Phorgy Phynance

Gauge Transforming Black-Scholes

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In the last article, I showed how the Black-Scholes PDE is equivalent to a Wick-rotated Schrodinger equation describing a charged particle in an electromagnetic field. Here, I will expand a little bit on that.

In quantum mechanics, the “momentum operator” for a point particle is

p = -i\hbar\partial_x.

To account for the interaction of the (charged) particle with an electomagnetic field, the momentum operator is augmented by the vector potential. The effect of this vector potential is to deform the wave function by a “gauge” factor

\psi = \phi \exp(\int_\gamma A)

for some curve \gamma.

The gauge connection for the Black-Scholes PDE is given by

A = (r+\frac{r^2}{2\sigma^2}) dt - (\frac{r}{\sigma^2}) dx.

Inserting the corresponding gauge factor

V = W \exp(\int_\gamma A) = W \exp[(r+\frac{r^2}{2\sigma^2}) t - (\frac{r}{\sigma^2}) x]

into the Black-Scholes PDE results in

\partial_t W = -\frac{\sigma^2}{2} \partial_x^2 W,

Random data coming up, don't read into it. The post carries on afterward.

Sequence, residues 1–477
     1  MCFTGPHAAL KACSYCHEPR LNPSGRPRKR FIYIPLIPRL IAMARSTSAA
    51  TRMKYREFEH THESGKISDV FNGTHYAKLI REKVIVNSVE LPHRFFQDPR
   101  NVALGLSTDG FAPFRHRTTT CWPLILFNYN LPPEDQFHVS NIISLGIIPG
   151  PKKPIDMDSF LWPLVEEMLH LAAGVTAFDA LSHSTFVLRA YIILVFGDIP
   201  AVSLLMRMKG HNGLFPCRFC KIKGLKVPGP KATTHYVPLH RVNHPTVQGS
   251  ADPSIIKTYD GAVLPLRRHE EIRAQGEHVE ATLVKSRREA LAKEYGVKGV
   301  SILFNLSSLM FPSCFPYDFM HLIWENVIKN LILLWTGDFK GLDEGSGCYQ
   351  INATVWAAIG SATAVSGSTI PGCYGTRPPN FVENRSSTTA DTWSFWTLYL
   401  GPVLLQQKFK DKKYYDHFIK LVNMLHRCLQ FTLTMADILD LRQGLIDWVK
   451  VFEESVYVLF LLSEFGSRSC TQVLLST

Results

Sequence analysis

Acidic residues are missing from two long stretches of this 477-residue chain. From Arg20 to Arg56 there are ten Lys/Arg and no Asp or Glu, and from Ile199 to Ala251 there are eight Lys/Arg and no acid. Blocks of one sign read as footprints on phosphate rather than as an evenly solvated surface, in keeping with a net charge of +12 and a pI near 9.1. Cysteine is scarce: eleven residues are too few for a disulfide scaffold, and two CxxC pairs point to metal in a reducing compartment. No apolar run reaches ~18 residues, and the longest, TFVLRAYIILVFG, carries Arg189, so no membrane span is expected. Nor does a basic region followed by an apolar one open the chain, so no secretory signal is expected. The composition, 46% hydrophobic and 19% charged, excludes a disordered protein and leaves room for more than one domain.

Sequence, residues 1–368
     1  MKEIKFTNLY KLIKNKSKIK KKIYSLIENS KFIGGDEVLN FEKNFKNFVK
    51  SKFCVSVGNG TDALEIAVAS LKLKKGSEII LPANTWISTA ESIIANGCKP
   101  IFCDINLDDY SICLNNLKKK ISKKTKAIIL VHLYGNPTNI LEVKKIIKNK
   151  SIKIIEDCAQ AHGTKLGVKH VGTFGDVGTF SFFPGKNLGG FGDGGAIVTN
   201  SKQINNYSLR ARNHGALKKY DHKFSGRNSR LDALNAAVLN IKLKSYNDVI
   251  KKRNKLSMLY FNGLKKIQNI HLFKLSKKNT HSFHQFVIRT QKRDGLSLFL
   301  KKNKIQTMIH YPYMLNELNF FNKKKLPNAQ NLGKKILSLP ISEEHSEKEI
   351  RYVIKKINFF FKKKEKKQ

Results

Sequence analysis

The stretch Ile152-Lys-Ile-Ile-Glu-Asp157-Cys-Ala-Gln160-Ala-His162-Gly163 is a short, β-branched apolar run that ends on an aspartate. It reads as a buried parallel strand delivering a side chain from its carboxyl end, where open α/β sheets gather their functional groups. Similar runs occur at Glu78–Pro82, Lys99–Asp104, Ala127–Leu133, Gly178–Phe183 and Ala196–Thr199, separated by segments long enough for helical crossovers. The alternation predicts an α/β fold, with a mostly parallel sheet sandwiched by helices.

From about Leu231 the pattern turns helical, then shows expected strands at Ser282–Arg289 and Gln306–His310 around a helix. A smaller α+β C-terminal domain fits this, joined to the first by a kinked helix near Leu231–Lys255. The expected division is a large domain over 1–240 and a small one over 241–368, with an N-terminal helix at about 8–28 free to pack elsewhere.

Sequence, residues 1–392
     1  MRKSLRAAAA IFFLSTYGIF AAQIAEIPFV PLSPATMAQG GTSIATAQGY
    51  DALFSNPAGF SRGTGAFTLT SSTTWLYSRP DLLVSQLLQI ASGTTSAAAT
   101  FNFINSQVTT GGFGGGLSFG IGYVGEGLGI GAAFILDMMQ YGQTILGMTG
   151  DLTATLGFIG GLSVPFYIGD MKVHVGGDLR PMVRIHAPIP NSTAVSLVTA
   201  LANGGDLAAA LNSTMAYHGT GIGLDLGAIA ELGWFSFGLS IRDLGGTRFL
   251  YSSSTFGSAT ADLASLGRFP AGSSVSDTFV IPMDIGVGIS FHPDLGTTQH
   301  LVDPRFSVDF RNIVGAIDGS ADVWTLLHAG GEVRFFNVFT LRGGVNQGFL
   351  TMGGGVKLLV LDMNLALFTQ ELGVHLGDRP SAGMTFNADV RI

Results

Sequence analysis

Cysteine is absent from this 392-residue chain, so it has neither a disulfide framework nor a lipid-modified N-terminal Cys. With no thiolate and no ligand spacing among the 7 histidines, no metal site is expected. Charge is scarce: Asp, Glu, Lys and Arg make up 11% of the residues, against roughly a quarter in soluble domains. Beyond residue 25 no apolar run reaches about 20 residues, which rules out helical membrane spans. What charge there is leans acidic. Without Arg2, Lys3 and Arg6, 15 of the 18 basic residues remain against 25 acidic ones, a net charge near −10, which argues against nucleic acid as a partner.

which is simply the heat equation from physics!

Therefore, the quest to categorify Black-Scholes is effectively a quest to categorify the heat equation.

What we want to do I think is to contruct a “yield curve space” in analogy to “loop space” where a point in yield curve space corresponds to a yield curve in some base space. We want to study Brownian motion on yield curve space under constraints of no arbitrage, which can hopefully be formulated as a statement about curvature.

Update:

In a comment, Blake Stacey points out this book. Digging a little bit turns up these arxiv papers and the author’s web page. It now appears likely that the author has done what I set out to do, but perhaps did not quite make the connection to “categorification” which is just a minor point. I’m tempted to order the book, but will definitely have a look at the arxiv papers in the meantime.

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Written by Eric

June 4, 2008 at 9:19 pm

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